Both fields default to a value of 1 when not set, resulting in a Non-Parallel Job being created.

How to create a Kubernetes Job

Jobs are created from YAML manifest files in the same way as other Kubernetes objects. You must set the kind field to Job to indicate that your manifest contains a Job object.

The following example defines a Job that runs a simple command inside a container running the busybox:latest image:

apiVersion: batch/v1
kind: Job
metadata:
  name: demo-job
spec:
  template:
    spec:
      containers:
        - name: demo-job
          image: busybox:latest
          command: ["/bin/sh", "-c", "echo 'Running job';"]
      restartPolicy: OnFailure

Within the manifest, the spec.template field provides the configuration for the Pods that will be created by the Job. The template can accept the same fields as a regular Pod manifest.

The spec.template.spec.restartPolicy field is required for Pods created by Jobs. It can be set to either OnFailure or Never:

  • OnFailure — If a container in the Pod fails, the Job controller will recreate the container within the same Pod after an increasing back off delay. This is the default behavior.
  • Never — This policy prevents individual containers from being restarted. The entire Pod will be marked as failed instead, causing the Job controller to start a new Pod that replaces it.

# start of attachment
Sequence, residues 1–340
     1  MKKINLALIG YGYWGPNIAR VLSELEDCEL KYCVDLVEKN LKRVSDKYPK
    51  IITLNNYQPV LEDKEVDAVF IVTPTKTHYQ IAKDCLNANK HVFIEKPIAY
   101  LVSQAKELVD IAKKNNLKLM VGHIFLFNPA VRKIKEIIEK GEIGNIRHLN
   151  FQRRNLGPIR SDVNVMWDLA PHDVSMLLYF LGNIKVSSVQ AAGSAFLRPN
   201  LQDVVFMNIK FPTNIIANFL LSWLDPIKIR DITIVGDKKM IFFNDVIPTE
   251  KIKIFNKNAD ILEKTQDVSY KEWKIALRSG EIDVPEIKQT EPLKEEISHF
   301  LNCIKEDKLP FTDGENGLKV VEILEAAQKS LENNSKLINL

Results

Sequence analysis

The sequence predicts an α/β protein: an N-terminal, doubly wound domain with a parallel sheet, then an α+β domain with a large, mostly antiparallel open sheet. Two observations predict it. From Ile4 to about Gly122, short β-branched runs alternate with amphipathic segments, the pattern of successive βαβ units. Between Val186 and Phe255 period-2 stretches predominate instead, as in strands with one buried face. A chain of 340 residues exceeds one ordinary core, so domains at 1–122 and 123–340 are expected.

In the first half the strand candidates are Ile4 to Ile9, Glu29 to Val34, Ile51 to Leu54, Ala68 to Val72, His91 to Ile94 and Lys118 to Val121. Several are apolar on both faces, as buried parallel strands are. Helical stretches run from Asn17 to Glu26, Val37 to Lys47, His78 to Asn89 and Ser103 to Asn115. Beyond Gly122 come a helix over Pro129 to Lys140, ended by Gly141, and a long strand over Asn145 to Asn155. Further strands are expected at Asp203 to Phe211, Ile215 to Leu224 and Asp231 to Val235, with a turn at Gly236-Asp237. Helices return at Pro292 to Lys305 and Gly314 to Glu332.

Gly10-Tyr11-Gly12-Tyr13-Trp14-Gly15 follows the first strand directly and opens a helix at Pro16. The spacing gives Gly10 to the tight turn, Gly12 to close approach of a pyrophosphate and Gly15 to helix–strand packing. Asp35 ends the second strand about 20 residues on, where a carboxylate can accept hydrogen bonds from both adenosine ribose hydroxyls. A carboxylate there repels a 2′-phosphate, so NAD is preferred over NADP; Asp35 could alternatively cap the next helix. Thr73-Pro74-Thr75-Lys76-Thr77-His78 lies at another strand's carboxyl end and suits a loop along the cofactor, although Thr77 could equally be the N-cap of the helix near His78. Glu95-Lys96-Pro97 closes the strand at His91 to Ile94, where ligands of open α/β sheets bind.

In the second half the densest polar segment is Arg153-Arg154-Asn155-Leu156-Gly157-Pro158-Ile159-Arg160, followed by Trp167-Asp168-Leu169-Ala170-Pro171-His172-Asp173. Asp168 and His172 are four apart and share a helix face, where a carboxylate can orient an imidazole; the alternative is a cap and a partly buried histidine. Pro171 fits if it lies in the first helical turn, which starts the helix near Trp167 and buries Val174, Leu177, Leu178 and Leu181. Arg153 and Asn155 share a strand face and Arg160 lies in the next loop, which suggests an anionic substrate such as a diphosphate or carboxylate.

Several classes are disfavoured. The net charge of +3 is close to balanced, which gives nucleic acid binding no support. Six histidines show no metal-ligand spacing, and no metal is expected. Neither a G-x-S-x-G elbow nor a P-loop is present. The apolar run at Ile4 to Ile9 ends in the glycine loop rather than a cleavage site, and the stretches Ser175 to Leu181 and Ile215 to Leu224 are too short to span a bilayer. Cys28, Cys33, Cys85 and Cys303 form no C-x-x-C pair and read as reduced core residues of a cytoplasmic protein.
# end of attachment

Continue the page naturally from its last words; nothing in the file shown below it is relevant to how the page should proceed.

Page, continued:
Once you’ve written your Job manifest, you can add it to your cluster using Kubectl:

$ kubectl apply -f job.yaml
job.batch/demo-job created

You can monitor your Jobs with Kubectl’s get jobs command:

$ kubectl get jobs
NAME       COMPLETIONS   DURATION   AGE
demo-job   1/1           6s         5m

The COMPLETIONS field is the most important output column—in this example, you can see that one Pod has been created and it has already completed successfully. To retrieve the Pod’s logs, use the kubectl logs command:

$ kubectl logs job/demo-job
Running job

You don’t need to respond to individual Pod failures manually. Kubernetes will keep creating new Pods until the required number of successful completions has been achieved.

Controlling Job parallelism

As explained above, parallelism is controlled by the spec.completions and spec.parallelism manifest fields.

The following Job requires three Pods to terminate successfully:

apiVersion: batch/v1
kind: Job
metadata:
  name: demo-job
spec:
  completions: 3
  template:
    spec:
      containers:
        - name: demo-job
          image: busybox:latest
          command: ["/bin/sh", "-c", "echo 'Running job';"]
      restartPolicy: OnFailure

If you apply this Job to your cluster, you’ll see that Kubernetes now starts three Pods in sequence:

$ kubectl get jobs
NAME       COMPLETIONS   DURATION   AGE
demo-job   3/3           12s        12s